27 Feeding Program Farm needs a good base feed balanced for class of animal it is being fed to. Diets should be formulated on amount of lysine and digestible energy they provide. The different classes of pigs have different lysine and energy requirements Feedstuffs contain different levels of amino acids and energy and have different digestibility and palatability. Vitamin and mineral levels for class of pigs is important

28 Alternative Feeds What about peanuts, sweet potatoes, snap beans, cucumbers, potatoes and other by-products. These feeds are okay as supplements, but farm should not depend on these sources as main feeding plan. Peanuts and other products high in oil can cause soft pork if overfed. Many by- products or alternative feeds have minimal feed value due to palatability, digestibility, fiber content or overall poor nutritional value.

29 Feeding Program Pastures How much of pigs feed needs can come from pasture? Depends on age of pigs and stage they are in. Gestating sows can utilize pastures best. This class of pig can get 50% to 80% of dietary needs on the right type pastures under certain conditions. Lactating sows because of the demands of litter cannot utilize as well. Finishing pigs would be in the 5 to 10% range at best as a rule of thumb.

30 Pastures Pastures should be viewed as a supplement to your main feeding plan. The quality of pasture will depend on soil condition, rainfall and temperatures during any growing season. Pastures will play a role in nutrient management as well as being feed source. Most classes of pigs will denude pastures at some point during the year. Rotation should be part of pasture plan.

31 Pastures Most of a pig's nutritional needs are meet with feed not grown on pasture pigs are grazing. Pigs have a natural tendency to denude pastures. Nutrient loads can increase greatly on land that is not rotated and cropped or hayed because of all the added nutrients. Land needs to be rotated and cropped or hayed to remove these nutrients. Annuals work well for this as part of a rotational cropping plan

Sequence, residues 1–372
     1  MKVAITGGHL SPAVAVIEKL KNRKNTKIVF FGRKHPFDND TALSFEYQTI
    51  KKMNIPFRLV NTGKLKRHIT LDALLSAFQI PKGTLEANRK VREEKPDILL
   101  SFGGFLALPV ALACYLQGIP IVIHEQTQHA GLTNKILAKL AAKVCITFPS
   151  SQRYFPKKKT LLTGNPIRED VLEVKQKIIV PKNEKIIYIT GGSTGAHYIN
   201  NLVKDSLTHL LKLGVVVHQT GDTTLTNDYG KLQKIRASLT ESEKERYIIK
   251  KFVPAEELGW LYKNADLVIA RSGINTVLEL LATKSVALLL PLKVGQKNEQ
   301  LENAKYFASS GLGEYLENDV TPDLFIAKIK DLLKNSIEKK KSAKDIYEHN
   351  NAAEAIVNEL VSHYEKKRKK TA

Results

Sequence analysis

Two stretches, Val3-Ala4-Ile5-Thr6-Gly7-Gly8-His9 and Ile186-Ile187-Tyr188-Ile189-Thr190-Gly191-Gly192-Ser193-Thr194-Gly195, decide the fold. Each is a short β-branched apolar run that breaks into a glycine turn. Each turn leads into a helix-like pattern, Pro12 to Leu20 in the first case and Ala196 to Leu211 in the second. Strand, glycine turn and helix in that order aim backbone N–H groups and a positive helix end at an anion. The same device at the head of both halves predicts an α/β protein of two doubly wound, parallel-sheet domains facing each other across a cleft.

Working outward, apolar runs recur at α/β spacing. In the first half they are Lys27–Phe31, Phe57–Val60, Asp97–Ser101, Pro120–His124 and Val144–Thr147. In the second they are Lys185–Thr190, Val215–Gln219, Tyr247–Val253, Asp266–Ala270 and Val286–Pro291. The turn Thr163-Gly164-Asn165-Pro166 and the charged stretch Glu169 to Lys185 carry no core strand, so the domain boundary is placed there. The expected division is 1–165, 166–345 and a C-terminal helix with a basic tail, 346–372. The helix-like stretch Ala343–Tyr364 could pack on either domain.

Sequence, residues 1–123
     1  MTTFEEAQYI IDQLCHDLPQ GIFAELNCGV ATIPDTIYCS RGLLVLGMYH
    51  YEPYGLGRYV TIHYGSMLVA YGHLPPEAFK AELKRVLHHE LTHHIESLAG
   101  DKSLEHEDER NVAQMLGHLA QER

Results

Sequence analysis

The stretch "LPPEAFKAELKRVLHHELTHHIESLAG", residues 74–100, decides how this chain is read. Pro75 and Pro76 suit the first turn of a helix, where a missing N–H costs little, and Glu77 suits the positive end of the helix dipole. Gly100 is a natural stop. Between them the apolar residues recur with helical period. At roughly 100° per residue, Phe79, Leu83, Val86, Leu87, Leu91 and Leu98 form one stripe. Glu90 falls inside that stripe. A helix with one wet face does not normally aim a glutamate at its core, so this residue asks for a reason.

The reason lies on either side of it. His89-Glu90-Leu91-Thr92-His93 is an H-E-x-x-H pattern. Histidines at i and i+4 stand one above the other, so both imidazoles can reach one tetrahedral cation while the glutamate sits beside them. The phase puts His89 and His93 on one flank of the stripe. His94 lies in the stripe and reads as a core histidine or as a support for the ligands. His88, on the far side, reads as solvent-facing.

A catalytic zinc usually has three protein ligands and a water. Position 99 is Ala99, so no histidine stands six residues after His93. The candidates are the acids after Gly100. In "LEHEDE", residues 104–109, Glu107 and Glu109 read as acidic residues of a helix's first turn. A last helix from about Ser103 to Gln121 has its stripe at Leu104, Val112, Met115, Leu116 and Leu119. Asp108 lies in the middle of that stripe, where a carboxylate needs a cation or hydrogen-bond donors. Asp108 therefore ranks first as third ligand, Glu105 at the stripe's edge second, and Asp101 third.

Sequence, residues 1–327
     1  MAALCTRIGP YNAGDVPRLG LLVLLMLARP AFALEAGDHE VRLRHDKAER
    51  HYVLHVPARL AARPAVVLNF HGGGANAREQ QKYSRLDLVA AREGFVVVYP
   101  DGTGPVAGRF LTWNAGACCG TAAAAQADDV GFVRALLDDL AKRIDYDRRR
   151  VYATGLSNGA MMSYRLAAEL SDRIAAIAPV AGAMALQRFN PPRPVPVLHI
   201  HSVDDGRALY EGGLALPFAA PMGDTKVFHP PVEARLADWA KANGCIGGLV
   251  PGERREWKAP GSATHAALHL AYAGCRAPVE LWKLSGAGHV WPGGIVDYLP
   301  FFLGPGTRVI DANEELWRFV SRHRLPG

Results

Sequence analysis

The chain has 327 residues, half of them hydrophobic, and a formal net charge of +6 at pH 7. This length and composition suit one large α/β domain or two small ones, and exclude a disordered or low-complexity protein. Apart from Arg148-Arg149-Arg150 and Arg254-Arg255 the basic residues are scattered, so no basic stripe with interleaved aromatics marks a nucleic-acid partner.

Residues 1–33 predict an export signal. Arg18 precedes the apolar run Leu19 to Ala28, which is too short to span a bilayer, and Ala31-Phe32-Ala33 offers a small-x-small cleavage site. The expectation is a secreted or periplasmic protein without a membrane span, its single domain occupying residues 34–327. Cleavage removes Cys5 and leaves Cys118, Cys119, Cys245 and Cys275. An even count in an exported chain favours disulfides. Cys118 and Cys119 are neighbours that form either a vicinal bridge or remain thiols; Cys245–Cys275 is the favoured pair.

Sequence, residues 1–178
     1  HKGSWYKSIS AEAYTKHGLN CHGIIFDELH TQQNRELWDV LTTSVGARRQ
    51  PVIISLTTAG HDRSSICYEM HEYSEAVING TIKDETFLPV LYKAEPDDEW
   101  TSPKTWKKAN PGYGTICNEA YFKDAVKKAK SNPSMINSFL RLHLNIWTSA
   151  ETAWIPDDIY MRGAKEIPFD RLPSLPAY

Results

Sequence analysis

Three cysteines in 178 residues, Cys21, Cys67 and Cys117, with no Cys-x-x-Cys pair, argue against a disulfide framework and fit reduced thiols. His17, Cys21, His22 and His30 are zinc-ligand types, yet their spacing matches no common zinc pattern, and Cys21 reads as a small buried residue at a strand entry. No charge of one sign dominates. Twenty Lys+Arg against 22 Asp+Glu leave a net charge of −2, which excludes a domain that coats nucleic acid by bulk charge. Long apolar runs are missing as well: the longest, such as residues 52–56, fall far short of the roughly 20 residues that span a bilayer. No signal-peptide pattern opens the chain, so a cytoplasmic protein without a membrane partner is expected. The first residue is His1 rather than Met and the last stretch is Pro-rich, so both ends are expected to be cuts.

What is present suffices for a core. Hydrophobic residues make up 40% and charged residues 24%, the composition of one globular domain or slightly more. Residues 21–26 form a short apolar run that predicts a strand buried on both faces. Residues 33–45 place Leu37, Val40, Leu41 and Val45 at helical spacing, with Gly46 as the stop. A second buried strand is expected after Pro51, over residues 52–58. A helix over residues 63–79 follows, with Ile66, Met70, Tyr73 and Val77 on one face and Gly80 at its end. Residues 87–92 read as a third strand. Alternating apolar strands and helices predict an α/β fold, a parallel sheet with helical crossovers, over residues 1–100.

32 Pastures Many pasture systems are Perennial based. Perennials work well with ruminants. Because little supplemental feed is needed with ruminants very little extra nutrients are added to the land. Pastures can last for a long period of time in ruminant based systems making perennials a good choice. Pigs tend to denude pastures. Some classes of pigs faster than others. This can make perennial a challenge for pigs. Perennials can work for pigs, but the added nutrient load must be addressed.

33 Feeders and Equipment

34 Feeders and Equipment

35 Feeding and Sorting

36 Waterers

37 Wallow

38 Solar Powered Fence

39 Transport around farm

40 Resources Huts and shelters Port-a-Hut Smidley Website of different types of equipment Booth Pig Equipment J Harvey Engineering LTD. Osborne Sioux Steel Company

41 Thank you for your time Key points to take away Make sure you have a market. Do your research on production systems and breeds. Don t try and reinvent the wheel. Tweak the system to better suit your farm once it is up and running. Never quit learning or researching new methods. Technology changes daily and it can be adapted to your farm.